Chongqing is one of China's major municipalities; a cultural and historical city with many unique traits. Besides its unique geographical conditions – is is surrounded by rivers and mountains – it has been filled with skyscrapers, making for a mesmerising landscape, both during the day and at nighttime.
Also known as Canton, Guangzhou is the third largest city in China. It has long been one of China's main commercial and trading centres and is one of the first cities that opened to the world. As one of the fastest growing cities in Asia, Guangzhou has also seen fast growth in tourism, attracting visitors with its cosmopolitan atmosphere, world-renowned Cantonese cuisine and its vibrant nightlife.
Guilin has long been a favourite among travellers to China. This compact city is most famous for the green mountains, crystal clear waters, unique caves and the beautiful cliffs in its outskirts. The karst peaks and the surrounding areas are world renowned for its beautiful scenery. Yet it is not only this stunning landscape that draws visitors to Guilin, but its unique folk customs, that make for unforgettable experiences in themselves.
Like Yin and Yang, Hangzhou, the capital city of the Zhejiang Province, has two sides that complete each other. This historic city is a showcase for traditional medicine, religion and art as well as a shining example of China’s rapid economic development. Combining idyllic natural beauty, a grand heritage through the ages and an air of affluence, Hangzhou is one of the country’s most livable and pleasant cities to linger in.
Known as the City of Spring, Kunming, the provincial capital of Yunnan, is blessed with a mild climate especially favourable to plant cultivation, which becomes instantly evident at the city's vibrant flower markets. The pace of life here is slow: hardly anyone is seen in a hurry. The best thing to do is smell the roses, wind down gently while exploring this very pleasing city and the breathtaking nature getaways in the environs.
The provincial capital of Jiangsu, Nanjing, has served as the country’s capital for six dynasties and has long occupied a prominent place in Chinese history and culture. The overwhelming neon lights along Qinhuai River, the abundance of greenery in Zhongshan Mountain Tourist Resort, and the remnant architecture from the time of the fledgeling republic are all facets of the richness of various stages in Nanjing’s development.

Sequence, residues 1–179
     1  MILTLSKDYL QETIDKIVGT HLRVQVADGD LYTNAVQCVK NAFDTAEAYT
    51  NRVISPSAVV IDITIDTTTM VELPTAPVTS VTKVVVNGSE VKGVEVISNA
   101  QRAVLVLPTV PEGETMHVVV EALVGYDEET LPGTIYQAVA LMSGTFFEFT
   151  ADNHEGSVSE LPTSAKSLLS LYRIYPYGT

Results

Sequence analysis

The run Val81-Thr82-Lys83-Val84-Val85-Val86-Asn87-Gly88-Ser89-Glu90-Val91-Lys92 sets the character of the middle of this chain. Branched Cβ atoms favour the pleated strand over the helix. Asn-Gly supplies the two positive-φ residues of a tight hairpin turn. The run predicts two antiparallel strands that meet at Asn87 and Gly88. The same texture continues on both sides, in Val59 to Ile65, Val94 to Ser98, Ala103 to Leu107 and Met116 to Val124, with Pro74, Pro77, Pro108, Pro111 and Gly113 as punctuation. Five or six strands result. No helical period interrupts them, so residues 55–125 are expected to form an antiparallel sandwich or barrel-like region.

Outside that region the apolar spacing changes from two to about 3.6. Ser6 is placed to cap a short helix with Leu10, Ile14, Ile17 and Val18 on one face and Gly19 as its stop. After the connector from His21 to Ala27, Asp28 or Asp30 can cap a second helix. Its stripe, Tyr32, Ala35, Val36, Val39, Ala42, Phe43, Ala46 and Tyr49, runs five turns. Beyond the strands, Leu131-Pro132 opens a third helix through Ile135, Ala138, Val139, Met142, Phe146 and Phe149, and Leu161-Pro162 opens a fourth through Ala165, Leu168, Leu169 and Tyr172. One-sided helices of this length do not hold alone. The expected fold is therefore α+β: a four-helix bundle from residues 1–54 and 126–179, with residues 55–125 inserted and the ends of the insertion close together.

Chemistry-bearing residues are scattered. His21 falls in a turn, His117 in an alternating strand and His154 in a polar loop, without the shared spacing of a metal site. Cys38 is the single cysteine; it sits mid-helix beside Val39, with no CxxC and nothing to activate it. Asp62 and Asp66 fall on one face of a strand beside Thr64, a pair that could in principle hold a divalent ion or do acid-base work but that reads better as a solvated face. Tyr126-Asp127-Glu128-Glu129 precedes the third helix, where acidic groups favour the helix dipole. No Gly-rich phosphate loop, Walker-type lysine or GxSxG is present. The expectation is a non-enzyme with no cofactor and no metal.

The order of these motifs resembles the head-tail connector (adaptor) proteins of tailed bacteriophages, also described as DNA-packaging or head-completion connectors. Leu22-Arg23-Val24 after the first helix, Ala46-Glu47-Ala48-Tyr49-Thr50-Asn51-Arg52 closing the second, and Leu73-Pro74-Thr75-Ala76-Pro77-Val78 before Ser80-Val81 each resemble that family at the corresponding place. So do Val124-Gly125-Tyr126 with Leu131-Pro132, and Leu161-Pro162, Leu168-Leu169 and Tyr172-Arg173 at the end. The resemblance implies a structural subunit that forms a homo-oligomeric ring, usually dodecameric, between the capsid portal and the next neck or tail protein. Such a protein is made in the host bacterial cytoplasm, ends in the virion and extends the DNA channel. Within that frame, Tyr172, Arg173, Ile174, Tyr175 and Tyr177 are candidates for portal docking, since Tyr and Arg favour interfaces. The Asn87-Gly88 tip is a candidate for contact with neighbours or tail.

One of the oldest cities in China, Ningbo is the birthplace of the Hemudu culture, which dates back over seven thousand years. Translated from Mandarin as ''the Serene Waves'', Ningbo is located at the shores of Hangzhou Bay and is a long-established international port and trading post. With the Hangzhou Bridge, the longest trans-oceanic link in the world, Ningbo is now directly connected to Shanghai and has emerged as an important international hub in its own right.
Shanghai is the shiniest gem in modern China’s jewel box. It’s a hip, contemporary city that’s charging into the future with all the energy of its famous Maglev train. Yet if you veer away from the sleek highways and glitzy shopping streets you can still stumble upon a more traditional Shanghai, with all its character and flavour. In the tiny back streets, wet-market vendors peddle their wares - buckets of bright green vegetables, fish flapping in shallow plastic bowls and heaps of crayfish crawling over each other.
Xi'an was once called Chang'an, the City of Long-lasting Peace. The city was the capital of the legendary Tang Dynasty, as well as 13 other dynasties, and the legendary ancient Silk Road started here. The variety of folk handicrafts that greets the visitor is bewildering. With all this heritage behind it, Xi'an stands proud even in the face of its modernisation, a spectacular testament to the magnificent legacy the Chinese are so proud of.